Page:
Lovegrove has completely revolutionized the way I think about lighting portraits. Before I even owned a camera I read Joe McNally’s books and attended David Ziser’s seminar and they got me hooked on soft light. My speedlights and strobes have been living in umbrellas and softboxes full-time. I’ve been using continuous lights with big 40×40″ softboxes, and have loved every minute of it. Lovegrove’s tutorials throw all that soft light to the wind and embrace craftsmanship with hard light and intentional shadow. I could go on and on about how his lighting is affecting my work. He demonstrates powerful techniques with simplicity and economy of equipment.
The focus of the video is on the placement of small continuous lights to create dramatic and classic location portraits. Lovegrove demonstrates that placing the main light ninety degrees to the camera position is a fool proof way to make great light. He shows how to add light to a scene step by step, and demonstrates many different poses and placements using just one light or reflector. He describes the gear he uses, which is a simple mirrorless camera and LED lights. He sells some of the lights and batteries on his website, but he mentions this as a helpful tip and doesn’t spend the whole time pushing gear sales.
The camera crew does a terrific job of showing us the whole setup from multiple camera positions. Each image Lovegrove makes during a segment is shown full screen with the exposure settings, and I pressed pause many times to study an image at my own pace. I was amazed at the economy of images he shot; he setup a scene, made one or two frames, verified that they were sharp, and moved on. Although it’s billed as a lighting tutorial, I learned much more than just light placement as Lovegrove demonstrated how he works.
The entire show is shot at a single estate and he maximizes the location. He shows how to utilizes the sun as part of his lighting setup both indoors and out. He shoots multiple directions in a single room, or a corner, or a stairwell and makes unique images each time. The estate is not unlike most wedding venues. Having watched him work, I’ll never feel limited by a location again.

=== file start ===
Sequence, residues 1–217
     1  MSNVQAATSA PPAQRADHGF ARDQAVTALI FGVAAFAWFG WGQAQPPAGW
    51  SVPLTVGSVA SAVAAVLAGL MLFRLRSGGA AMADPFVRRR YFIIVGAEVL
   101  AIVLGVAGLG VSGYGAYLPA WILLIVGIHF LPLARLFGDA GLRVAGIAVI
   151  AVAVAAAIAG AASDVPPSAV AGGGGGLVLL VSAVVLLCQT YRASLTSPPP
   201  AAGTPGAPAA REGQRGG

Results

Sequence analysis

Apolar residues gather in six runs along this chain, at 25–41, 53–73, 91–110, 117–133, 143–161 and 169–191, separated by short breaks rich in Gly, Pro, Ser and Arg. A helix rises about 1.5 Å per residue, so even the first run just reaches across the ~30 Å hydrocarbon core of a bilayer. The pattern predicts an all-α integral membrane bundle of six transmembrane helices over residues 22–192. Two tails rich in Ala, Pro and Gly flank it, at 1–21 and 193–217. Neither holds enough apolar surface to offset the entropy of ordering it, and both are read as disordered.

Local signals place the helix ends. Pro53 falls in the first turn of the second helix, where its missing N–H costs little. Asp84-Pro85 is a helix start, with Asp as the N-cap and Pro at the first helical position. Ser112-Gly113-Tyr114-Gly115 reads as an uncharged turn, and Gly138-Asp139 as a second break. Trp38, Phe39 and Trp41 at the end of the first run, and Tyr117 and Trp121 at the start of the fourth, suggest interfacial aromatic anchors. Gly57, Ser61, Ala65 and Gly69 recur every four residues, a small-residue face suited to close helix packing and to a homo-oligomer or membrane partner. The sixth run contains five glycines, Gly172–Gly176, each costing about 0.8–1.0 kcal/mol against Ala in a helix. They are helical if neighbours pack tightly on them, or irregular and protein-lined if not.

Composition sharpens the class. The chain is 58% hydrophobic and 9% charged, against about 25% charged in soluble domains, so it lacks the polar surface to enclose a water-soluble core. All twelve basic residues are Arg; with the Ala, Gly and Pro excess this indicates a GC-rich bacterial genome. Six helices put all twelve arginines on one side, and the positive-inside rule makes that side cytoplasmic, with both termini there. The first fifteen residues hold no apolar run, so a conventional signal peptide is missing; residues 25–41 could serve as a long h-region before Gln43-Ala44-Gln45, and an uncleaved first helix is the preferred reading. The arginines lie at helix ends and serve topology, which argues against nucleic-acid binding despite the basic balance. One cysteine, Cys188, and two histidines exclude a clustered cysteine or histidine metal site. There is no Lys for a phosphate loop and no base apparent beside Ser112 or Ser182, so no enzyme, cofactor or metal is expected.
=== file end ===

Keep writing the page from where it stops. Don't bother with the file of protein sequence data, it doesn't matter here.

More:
Furthermore, his style of working with people is exemplary. Listen to him talk and watch how he treats the models. He gives clear direction and feedback using the LCD screen on the camera. He is complimentary and respectful. He builds rapport. His language is descriptive and calm and engenders trust and cooperation. I’ve been working to emulate this example with my subjects, lately, and have had more fun and more successful images than ever.
Everything about this tutorial make me excited to go practice. He makes it truly easy. His website even includes simple instructions for getting the video play well on your mobile device. Did I mention that he’s got a great voice and accent for narration?
The download costs US$110, which is about the price of other popular tutorial downloads and traveling live seminars. However, because of his mastery and the excellent production quality, this two hour video contains more solid information than any tour I’ve attended or seminar I’ve watched. The editing is well done and shows respect for my time. The segments are well organized and stand alone nicely. I have no complaints; it is a full and complete production. I think it’s a bargain.
You can buy the 1 hour 46 minute class in full HD here. Oh, and he’s giving Photofocus readers a $30 discount. Use code ‘photofocus‘ at checkout.
I’m re-watching the tutorial now, and I know I’ll be watching it many times again to help me as I practice these methods.
Here’s a sample chapter from the program.
[vimeo http://vimeo.com/73385954 width=640 height=360]
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